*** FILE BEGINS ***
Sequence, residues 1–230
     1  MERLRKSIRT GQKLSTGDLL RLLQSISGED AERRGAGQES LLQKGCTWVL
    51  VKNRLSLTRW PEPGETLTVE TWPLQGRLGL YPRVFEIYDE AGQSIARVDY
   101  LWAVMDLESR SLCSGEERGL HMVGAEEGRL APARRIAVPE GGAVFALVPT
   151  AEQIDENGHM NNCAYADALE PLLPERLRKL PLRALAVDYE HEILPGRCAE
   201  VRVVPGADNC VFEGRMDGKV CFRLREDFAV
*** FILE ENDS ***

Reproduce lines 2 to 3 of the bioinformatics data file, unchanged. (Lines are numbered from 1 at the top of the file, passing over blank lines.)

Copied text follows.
     1  MERLRKSIRT GQKLSTGDLL RLLQSISGED AERRGAGQES LLQKGCTWVL
    51  VKNRLSLTRW PEPGETLTVE TWPLQGRLGL YPRVFEIYDE AGQSIARVDY